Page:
Different sorts of fires are prescribed for different purposes. The variations usually depend on the wind direction and topography. A backing fire goes against the wind and spreads slowly by conduction. It is the safest fire and consumes most of the fuel, but it is slow. A head fire goes in the direction of the wind and/or uphill. Flames are carried by the wind, so things burn faster, but it tends to be a less complete burn. The fire jumps over some fuel. That jumping also makes this fire more likely to get out of hand. Other variations are flanking fires, as the name implies along the sides and strip fires. The strip fire is a series of head and back fires. They run into each other. The strip fire is faster than other fires because you light several places at a time. Similar to a strip fire is a spot fire, where you light a series of spots that come together. The spot fires work well in theory, but they very often turn into strip fires anyway, just because it is hard to keep the spots apart. The challenge with all multiple fires is when they come together. They rise up and can scorch the trees or even provoke a crown fire.
The time of the year when you set your fires depends on your management goals. A dormant/winter season fire will consume the surface vegetation but won’t usually kill it. In fact it will create a lot more sprouts and shoots, especially with understory hardwoods and blueberries. This kind of fire produces a lot of good browse for deer, but it will not yield the herbaceous growth for other species. A growing season burn will often kill much of the woody vegetation and over time it will produce the savannah-like open forests with a herbaceous forest floor. It produces more flowering, legumes and releases nutrients to the soil. If a forest has not been burned for a long time, a winter backing fire is probably smarter. It cleans up the debris at a cooler temperature that is less likely to damage your trees. After that you can do the growing season fire as appropriate. May/June is a good time.
In a loblolly rotation, it makes sense to wait a year after thinning and then do a winter season fire to clean up the slash. After that, go with a spring time burn every 2-3 years.
Loblolly pines usually survive scorching. The biggest danger to them is in October, after they have finished growing for the year, but before they have gone dormant. A scorching will probably kill them at this time, so you should never burn in October. The State of Virginia bans outdoor burning until after 4pm from February to April. This is the time when conditions are dry and the leaves are off the trees. There is significant danger of fire escaping.
A major concern in fire management is its effect on the soils. An intense fire burns hot. A severe fire burns down more of the soil. Sometimes you want to expose mineral soil since some plant communities require that to regenerate; most of the time you don’t. Usually it is best when you see black. The vegetation has been carbonized but much is still intact. White is ash. Too much white means you burned a little too severe. It is bad when orange is exposed. If the soil gets burned bad enough, it can become impervious to water. The fast run off caused by the impervious soils can create mud slides.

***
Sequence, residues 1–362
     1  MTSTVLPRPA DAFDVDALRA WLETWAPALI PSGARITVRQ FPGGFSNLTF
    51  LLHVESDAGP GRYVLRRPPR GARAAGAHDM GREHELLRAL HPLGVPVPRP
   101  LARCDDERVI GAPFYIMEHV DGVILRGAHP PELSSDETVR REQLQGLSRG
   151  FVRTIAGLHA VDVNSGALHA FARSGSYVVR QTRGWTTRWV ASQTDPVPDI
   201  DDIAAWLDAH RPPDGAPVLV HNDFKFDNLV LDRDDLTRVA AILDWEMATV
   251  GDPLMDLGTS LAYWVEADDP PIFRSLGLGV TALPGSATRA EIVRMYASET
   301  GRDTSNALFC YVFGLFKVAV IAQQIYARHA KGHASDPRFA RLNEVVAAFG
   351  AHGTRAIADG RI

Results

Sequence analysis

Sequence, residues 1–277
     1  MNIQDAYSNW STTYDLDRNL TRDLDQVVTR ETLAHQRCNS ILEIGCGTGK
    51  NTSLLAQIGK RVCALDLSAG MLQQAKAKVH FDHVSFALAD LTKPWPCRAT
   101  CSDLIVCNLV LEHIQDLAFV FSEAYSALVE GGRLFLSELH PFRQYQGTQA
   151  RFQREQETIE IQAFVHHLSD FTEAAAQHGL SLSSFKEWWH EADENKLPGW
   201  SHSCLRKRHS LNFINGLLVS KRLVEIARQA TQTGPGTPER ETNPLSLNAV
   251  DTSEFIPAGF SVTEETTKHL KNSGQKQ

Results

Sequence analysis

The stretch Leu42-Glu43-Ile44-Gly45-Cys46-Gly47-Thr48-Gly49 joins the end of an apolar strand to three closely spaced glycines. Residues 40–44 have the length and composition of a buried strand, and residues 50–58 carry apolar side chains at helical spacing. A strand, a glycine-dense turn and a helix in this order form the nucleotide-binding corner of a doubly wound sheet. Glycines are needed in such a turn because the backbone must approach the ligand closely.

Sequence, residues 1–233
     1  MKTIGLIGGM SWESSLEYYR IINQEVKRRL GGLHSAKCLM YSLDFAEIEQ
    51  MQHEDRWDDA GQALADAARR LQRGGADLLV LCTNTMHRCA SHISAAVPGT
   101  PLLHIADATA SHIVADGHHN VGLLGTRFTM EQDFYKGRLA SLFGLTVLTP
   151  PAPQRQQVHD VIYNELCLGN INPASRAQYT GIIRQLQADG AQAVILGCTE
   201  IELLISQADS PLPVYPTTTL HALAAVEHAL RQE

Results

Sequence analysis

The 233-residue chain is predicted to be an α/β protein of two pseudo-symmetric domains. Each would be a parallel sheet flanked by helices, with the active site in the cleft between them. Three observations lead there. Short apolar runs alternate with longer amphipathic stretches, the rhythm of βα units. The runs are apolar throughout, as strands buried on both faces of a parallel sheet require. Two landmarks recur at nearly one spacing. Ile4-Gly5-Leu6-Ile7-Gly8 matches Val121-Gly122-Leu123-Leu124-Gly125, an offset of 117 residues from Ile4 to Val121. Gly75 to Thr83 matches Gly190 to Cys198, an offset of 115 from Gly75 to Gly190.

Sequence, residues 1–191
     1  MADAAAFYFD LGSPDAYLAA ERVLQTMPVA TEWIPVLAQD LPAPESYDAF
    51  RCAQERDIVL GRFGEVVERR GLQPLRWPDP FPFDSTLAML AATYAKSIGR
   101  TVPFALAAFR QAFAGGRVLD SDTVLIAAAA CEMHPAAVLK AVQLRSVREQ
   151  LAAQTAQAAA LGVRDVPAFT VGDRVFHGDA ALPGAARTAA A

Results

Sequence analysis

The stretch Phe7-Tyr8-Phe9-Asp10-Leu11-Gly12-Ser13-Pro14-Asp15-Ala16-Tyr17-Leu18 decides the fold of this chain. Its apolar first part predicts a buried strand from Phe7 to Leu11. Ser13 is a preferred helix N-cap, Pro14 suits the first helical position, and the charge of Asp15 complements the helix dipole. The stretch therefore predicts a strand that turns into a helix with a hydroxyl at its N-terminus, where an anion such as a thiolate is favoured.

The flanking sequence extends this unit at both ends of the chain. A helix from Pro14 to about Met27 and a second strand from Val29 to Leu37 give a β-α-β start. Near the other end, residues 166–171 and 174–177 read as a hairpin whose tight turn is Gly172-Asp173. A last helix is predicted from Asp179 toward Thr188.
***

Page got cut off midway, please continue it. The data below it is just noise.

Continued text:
Burning off too much soil litter can lead to erosion in general. Summer rains in Virginia can be torrential. The water hits hard and washes the soil downhill. All land erodes. An intact forest in Virginia loses from .05-.1 ton of soil per year on average. By contrast, field crops can lose 3-15 tons a year. After a burn, a forest floor loses more than the intact forest, but less than plowed field, depending on how severe the burning was. But repeated small burns create a stabile herbaceous layer that helps build a healthy soil that mitigates erosion in the longer run. Good forest stewardship means thinking in the long term. Be aware of how what you are doing now will be in years or decades.
Of course, erosion is an eternal process that never stops. The Appalachians were once as high as the Rockies and in the future the Rockies will be as low as the Appalachians. Erosion & time will flatten Mt Everest. Everything washes down and everything has to go somewhere. If a ton of soil flows from one acre to the one down hill and that one loses a ton of soil to the one below that, it is really not much of a problem. Each acre “loses” a ton of soil, but not really. It becomes a problem when too much soil is lost and when it flows into watercourses. The water from my farms flows eventually into Albermarle Sound via the Meherrin and Chowan rivers. An important duty is to protect the waterways from too much silt. That is why we don’t cut near the streams (stream management zones) and generally tred lightly near them. Beyond that, you just don’t want to lose your dirt, on which all prosperity depends.